Friday Facts #201 - 0.15 Stable, but not really

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Re: Save in the background

Post by cpy »

fechnert wrote:
To not talk about the implementation, but the idea about a quicksave that won't interrupt the game while playing would be very nice
Why not?

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Re: Save in the background

Post by ratchetfreak »

mrvn wrote:I'm always annoyed when trying to do something and the saving dialog pops up. And the more you play the larger the problem becomes because saving takes longer on larger factories.

Why not save in the background in a separate thread and let the game keep running?

"All" this would need to do is to make a snapshot of the game state and then save that while the game continues on the main data. Under Linux at least this is simple since you can

Code: Select all

fork()
to get a snapshot of the processes memory. This will affect performance and memory footprint somewhat during save but not stop the game. So UPS might drop while saving but the game won't stop dead.
It'll suddenly double memory consumption as the orginal program continues updating the world, and then you have to account for all the file descriptors that are duplicated and making sure that nothign funny happens with that.

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Re: Save in the background

Post by cpy »

ratchetfreak wrote:
mrvn wrote:I'm always annoyed when trying to do something and the saving dialog pops up. And the more you play the larger the problem becomes because saving takes longer on larger factories.

Why not save in the background in a separate thread and let the game keep running?

"All" this would need to do is to make a snapshot of the game state and then save that while the game continues on the main data. Under Linux at least this is simple since you can

Code: Select all

fork()
to get a snapshot of the processes memory. This will affect performance and memory footprint somewhat during save but not stop the game. So UPS might drop while saving but the game won't stop dead.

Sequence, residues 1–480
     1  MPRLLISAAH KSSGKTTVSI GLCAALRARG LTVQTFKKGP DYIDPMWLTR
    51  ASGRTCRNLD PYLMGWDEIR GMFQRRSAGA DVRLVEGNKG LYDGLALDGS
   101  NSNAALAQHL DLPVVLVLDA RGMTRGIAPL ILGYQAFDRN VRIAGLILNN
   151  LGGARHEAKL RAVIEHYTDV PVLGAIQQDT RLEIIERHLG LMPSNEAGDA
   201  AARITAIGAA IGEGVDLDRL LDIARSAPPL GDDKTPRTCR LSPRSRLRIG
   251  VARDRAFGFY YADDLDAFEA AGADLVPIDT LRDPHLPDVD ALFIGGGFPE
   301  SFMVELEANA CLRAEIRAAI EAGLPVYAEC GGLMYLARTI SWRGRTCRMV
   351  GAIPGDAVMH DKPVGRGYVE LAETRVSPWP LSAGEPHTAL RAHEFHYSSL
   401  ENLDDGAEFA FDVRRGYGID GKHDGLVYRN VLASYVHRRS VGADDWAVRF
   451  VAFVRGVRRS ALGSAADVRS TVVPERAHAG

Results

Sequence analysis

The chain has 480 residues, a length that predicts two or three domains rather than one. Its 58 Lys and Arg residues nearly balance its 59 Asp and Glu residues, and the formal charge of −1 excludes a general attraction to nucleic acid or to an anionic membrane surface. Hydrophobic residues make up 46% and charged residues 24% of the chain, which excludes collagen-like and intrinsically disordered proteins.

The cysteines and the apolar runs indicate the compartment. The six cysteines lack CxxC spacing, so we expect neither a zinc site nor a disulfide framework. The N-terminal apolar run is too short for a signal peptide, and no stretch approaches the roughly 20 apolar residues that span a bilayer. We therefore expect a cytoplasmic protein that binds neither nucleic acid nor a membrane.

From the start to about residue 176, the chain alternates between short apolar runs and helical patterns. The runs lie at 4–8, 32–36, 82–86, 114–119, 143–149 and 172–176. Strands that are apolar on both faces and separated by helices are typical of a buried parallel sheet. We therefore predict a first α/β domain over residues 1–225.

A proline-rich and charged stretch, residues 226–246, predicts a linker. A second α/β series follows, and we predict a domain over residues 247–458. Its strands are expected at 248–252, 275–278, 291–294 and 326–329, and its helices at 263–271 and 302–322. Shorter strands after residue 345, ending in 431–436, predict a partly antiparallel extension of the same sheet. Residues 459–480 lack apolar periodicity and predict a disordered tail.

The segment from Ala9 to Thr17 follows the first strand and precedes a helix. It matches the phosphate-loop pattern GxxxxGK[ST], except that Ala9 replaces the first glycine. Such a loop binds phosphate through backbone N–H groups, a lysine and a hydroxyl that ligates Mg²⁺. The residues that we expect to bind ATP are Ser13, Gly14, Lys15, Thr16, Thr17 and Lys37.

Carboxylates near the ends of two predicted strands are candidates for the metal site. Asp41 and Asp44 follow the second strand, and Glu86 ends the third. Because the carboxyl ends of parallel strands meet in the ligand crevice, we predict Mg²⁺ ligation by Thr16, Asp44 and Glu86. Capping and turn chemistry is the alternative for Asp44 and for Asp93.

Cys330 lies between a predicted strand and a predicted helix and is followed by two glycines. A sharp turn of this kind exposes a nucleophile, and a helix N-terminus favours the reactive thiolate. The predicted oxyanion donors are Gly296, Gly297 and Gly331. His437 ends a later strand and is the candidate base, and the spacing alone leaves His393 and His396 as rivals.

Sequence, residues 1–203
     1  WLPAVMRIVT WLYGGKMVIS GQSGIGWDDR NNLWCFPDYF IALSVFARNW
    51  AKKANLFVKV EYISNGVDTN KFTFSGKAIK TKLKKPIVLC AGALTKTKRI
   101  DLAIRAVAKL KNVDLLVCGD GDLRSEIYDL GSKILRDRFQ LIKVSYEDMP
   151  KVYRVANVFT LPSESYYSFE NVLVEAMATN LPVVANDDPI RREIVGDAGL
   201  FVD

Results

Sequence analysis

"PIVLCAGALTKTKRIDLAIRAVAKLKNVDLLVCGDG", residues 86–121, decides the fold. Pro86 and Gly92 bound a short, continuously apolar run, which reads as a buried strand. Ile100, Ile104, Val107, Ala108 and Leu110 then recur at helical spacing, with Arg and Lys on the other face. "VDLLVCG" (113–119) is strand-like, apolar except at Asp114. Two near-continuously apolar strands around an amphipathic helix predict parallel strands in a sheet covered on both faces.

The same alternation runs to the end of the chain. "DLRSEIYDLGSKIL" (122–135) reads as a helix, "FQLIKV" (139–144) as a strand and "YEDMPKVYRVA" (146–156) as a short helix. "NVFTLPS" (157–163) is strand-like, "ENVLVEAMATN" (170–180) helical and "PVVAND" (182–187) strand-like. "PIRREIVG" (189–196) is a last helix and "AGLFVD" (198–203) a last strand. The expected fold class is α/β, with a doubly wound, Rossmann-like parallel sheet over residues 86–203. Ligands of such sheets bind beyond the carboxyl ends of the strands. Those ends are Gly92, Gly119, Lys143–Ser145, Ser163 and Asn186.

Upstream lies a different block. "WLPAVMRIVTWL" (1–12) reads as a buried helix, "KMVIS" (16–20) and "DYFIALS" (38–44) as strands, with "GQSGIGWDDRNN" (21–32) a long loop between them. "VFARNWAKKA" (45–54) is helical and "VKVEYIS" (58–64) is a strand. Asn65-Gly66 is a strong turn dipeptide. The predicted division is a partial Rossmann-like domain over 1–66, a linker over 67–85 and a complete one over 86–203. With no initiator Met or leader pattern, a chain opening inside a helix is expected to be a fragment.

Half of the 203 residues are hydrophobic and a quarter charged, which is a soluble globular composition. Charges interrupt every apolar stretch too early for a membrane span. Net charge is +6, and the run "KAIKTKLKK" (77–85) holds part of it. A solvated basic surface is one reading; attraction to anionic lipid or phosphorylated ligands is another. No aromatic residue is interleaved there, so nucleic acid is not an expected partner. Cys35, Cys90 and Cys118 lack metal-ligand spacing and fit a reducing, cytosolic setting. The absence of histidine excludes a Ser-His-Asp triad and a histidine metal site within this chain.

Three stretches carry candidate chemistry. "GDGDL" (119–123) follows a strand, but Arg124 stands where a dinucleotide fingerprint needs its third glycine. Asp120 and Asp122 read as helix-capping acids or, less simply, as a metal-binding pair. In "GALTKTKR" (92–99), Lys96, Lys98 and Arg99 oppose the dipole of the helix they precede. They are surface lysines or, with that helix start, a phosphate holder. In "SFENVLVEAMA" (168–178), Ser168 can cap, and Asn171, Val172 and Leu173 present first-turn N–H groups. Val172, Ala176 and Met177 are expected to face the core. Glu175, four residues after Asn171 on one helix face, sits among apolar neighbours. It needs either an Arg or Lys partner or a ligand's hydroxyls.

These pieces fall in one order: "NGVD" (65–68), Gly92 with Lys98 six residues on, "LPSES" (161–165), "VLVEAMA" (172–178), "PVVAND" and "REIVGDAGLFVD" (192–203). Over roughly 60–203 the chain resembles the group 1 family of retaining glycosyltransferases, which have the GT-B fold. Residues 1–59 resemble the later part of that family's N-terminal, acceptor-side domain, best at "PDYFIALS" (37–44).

It'll suddenly double memory consumption as the orginal program continues updating the world, and then you have to account for all the file descriptors that are duplicated and making sure that nothign funny happens with that.
Well in MP server save only settings, it could be an option, when I host factorio game i have machine with 32GB RAM so uninterrupted play with save in background would be very nice even with additional RAM cost.

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Re: Friday Facts #201 - 0.15 Stable, but not really

Post by Jap2.0 »

cpy wrote:
ratchetfreak wrote:
mrvn wrote:I'm always annoyed when trying to do something and the saving dialog pops up. And the more you play the larger the problem becomes because saving takes longer on larger factories.

Why not save in the background in a separate thread and let the game keep running?

"All" this would need to do is to make a snapshot of the game state and then save that while the game continues on the main data. Under Linux at least this is simple since you can

Code: Select all

fork()
to get a snapshot of the processes memory. This will affect performance and memory footprint somewhat during save but not stop the game. So UPS might drop while saving but the game won't stop dead.
It'll suddenly double memory consumption as the orginal program continues updating the world, and then you have to account for all the file descriptors that are duplicated and making sure that nothign funny happens with that.
Well in MP server save only settings, it could be an option, when I host factorio game i have machine with 32GB RAM so uninterrupted play with save in background would be very nice even with additional RAM cost.
See this thread, "Use fork() on *nix systems for doing save game". The developers basically say that copying the entirety of the memory would make it very complicated to save, which I'm assuming would mean a much longer period of UPS drops instead of a very short freeze. Additionally, I assume that it would be very complicated to program.
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Re: Friday Facts #201 - 0.15 Stable, but not really

Post by mrvn »

Jap2.0 wrote:
cpy wrote:
ratchetfreak wrote:
mrvn wrote:I'm always annoyed when trying to do something and the saving dialog pops up. And the more you play the larger the problem becomes because saving takes longer on larger factories.

Why not save in the background in a separate thread and let the game keep running?

"All" this would need to do is to make a snapshot of the game state and then save that while the game continues on the main data. Under Linux at least this is simple since you can

Code: Select all

fork()
to get a snapshot of the processes memory. This will affect performance and memory footprint somewhat during save but not stop the game. So UPS might drop while saving but the game won't stop dead.
It'll suddenly double memory consumption as the orginal program continues updating the world, and then you have to account for all the file descriptors that are duplicated and making sure that nothign funny happens with that.
Well in MP server save only settings, it could be an option, when I host factorio game i have machine with 32GB RAM so uninterrupted play with save in background would be very nice even with additional RAM cost.